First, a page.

And then what happened was there were more and more reports of loneliness, as loneliness came upon the scene and made itself felt in the presentation that clients said to these mental health clinicians, along with other issues, but loneliness was one of the growing issues.
Jared Correia: Yeah. And I love the title of your book, because it I think perfectly describes like a modern society in which you feel like you are surrounded by a bunch of people all the time, yet everybody feels a little bit more lonely.
So one thing that I think is interesting is that you define loneliness in like a very specific way, which is different from the standard definition. So could you dive into that a little bit?
J.W. Freiberg: Sure. For me loneliness is a sensation like hunger or thirst or fear, it comes from the parietal lobe of the brain. We share that with lots of other mammals, for example, the cetaceans, the sea mammals are a lot like us, family-based, small pod, herd animals. And we feel lonely, we feel hungry before we think about being lonely or think about what I am going to get for dinner. There are sensations that come up to your consciousness from another part of your brain and that has enormous implications for clinical work that you do with people.
It’s more like dealing with trauma victims than it is like dealing with a narcissistic personality disorder, just in case you know anyone who has that problem.
Jared Correia: I do not. I have never been compared to a whale before, but that’s kind of cool. I feel like I am kind of more like an orca now than I was five minutes ago. So that’s a really interesting place to start and I want to return to that question of like how this is affected by the brain in a second, but one of the things I want to talk to you about is like the role of technology and how that plays in society today, like especially now that everybody is quarantined, like I know my kids are on screens more than they ever have before. So how does technology contribute to loneliness in a modern society?
J.W. Freiberg: Well, I think it contributes in two very different, even contradictory ways. On one hand, we have very powerful tests for loneliness; it’s called the UCLA Loneliness Scale. So with great validity and reliability we can measure whether or not people are connected in a healthy way to others in their lives. And we know that the loneliest quintile of our population is Generation Z and the Millennials, so the 18-year-olds to the 38-year-olds score more lonely than the rest of us, even than senior citizens, and they have got their face in those machines all day long, so that could be playing a role there.
On the other side of the coin, Zoom and FaceTime and other technical capacity to see who you are talking to is enormously helpful through this, because when we see people, we are able to use our mirroring skills. So when we listen to people, this is as mammals again, they do it too. When you startle a mammal, like a deer and he looks at you, or a squirrel, they look at you, trying to reckon your intentions, are you a predator or are you just passing through, that’s called mirroring and that’s something that you need to have your eyes do for you pretty much.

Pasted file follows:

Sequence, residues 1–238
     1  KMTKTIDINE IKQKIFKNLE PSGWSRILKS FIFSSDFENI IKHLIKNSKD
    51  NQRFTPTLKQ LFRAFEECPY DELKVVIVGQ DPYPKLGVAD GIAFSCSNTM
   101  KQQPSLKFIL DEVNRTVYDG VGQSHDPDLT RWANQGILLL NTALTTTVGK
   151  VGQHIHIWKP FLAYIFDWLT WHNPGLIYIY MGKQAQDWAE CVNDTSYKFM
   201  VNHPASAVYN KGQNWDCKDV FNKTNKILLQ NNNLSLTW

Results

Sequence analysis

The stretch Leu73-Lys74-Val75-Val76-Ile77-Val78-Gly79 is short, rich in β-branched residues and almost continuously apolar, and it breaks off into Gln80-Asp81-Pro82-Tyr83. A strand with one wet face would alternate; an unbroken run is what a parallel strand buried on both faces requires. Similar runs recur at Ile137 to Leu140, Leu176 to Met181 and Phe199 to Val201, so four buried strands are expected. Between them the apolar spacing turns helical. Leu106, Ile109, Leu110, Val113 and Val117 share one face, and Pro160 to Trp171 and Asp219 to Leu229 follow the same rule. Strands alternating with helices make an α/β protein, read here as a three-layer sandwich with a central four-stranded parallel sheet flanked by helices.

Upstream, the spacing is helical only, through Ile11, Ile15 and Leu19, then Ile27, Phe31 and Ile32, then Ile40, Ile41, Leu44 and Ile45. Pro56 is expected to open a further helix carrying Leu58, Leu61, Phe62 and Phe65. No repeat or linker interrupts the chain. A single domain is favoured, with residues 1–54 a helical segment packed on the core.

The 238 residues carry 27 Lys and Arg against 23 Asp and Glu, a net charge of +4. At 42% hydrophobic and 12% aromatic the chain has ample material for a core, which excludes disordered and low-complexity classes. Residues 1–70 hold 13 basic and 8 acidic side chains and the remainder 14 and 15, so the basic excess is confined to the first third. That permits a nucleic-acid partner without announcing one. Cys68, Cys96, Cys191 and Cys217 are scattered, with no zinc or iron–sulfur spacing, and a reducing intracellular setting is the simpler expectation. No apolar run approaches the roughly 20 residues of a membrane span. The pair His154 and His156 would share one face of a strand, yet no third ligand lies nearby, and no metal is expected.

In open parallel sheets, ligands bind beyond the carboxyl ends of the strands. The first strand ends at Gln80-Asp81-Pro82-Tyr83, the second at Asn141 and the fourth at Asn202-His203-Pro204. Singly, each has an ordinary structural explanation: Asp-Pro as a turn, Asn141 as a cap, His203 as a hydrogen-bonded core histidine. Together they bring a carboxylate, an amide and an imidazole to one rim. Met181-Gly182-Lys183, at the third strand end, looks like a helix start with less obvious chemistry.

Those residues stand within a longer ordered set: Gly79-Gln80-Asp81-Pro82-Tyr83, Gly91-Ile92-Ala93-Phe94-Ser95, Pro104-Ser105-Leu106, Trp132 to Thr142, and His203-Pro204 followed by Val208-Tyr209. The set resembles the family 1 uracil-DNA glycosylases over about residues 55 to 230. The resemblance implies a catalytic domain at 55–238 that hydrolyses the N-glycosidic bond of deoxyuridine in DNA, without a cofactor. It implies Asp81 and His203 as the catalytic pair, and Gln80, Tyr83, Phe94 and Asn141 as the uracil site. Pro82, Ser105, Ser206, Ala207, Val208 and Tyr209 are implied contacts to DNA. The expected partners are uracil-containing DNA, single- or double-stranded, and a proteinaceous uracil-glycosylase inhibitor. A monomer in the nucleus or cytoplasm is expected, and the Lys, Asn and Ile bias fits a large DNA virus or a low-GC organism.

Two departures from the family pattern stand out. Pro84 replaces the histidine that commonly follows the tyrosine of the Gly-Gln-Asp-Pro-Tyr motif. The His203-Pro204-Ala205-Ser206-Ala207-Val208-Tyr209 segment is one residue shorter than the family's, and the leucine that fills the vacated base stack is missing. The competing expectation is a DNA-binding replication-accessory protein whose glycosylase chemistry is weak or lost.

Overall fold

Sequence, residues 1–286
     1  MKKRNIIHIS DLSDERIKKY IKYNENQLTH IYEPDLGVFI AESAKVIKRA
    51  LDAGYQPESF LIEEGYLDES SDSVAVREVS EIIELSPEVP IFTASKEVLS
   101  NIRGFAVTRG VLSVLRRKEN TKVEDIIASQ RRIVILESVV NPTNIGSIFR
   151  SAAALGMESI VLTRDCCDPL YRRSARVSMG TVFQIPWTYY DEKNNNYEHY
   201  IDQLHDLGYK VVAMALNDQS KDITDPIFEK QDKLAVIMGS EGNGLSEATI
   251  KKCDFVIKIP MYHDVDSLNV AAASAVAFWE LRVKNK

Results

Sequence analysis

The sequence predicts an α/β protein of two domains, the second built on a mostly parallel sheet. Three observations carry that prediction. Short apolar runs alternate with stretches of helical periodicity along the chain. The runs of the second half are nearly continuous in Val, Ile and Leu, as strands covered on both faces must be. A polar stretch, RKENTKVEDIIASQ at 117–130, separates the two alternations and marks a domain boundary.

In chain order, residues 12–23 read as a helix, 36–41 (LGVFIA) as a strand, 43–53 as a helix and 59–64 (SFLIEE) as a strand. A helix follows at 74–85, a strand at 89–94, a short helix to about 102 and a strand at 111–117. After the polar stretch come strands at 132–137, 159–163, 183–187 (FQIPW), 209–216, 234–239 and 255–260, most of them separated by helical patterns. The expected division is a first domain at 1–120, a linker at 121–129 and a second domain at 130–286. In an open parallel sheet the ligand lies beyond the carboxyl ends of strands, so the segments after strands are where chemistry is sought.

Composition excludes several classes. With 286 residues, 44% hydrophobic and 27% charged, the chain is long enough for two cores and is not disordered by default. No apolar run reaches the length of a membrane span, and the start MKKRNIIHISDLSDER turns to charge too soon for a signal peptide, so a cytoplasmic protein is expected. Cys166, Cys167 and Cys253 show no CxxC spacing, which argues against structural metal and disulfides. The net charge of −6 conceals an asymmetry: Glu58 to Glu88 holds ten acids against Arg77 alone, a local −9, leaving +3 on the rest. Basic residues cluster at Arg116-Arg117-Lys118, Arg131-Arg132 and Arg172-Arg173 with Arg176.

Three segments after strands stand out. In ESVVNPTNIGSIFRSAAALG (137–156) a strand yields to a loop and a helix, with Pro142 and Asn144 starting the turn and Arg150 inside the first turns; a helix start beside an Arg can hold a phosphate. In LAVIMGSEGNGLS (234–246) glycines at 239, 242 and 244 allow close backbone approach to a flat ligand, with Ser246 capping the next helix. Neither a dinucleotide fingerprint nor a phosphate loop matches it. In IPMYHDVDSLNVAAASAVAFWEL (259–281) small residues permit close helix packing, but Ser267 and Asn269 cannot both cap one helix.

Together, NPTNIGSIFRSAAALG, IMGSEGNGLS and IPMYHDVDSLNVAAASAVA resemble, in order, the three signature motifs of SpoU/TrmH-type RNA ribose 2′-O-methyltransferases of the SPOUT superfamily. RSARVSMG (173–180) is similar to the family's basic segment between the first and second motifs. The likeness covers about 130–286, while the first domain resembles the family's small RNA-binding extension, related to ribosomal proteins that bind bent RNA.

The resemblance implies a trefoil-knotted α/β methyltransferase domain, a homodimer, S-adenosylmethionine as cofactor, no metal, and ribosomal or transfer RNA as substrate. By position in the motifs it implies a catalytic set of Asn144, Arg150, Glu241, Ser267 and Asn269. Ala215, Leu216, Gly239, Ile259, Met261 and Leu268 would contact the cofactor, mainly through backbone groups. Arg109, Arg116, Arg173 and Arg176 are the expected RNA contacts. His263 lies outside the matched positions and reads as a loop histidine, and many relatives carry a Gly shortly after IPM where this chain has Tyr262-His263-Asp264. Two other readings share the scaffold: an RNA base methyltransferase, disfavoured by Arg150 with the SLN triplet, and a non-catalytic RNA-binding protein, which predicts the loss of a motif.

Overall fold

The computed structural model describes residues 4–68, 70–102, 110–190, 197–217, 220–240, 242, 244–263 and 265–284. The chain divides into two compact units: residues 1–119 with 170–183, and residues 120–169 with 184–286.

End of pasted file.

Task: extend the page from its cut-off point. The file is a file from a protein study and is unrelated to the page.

So being a grandparent I can assure you one of the great tragedies of this time is one can’t visit one’s grandchildren so easily and the capacity to see them on FaceTime is extraordinary because it really allows the bond to play its role and the mirroring capacity to take place.
Jared Correia: That’s interesting. Let me say one of the great tragedies of our time is that my grandparents can — our grandparents cannot watch my children, so I feel your pain on the other side of it.
That’s interesting though that you mentioned like the mirroring in the videos, because I think like a lot of people have that Zoom fatigue now, right, they don’t want to be on video conferences all day, but it sounds like you say that that’s better than a phone call just because you can see people?
J.W. Freiberg: Well, it’s huge for especially family things. I am very big, just even theoretically, on the role that family plays in people’s lives, in children’s lives especially. It takes two points to define a line and two generations to define a lineage. So it’s through the grandparents that children learn about their roots and their family background and traditions and that’s a hugely important psychological basis. It’s the mooring that a boat has to the mooring buoy.
Jared Correia: All right. Well, let’s hope all those grandparents get to see their grandkids very soon. And on that note, let’s take a break in the show here. We have reached the end of the first part of the episode and let me draw your attention now to some words from our sponsors and then we will come back again for part two.
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Jared Correia: All right, thanks for coming back. I have returned from a quick Dunkin run. I mentioned that because we have got two Massachusetts guys on the podcast, right? So let’s get back to our conversation with Terry Freiberg. We are talking about loneliness in modern society.
Terry, so you mentioned this before and I think this part of it is a really interesting component, like can you talk a little bit more about the role that the brain plays in terms of why we feel lonely, how we feel lonely, how we stop feeling lonely?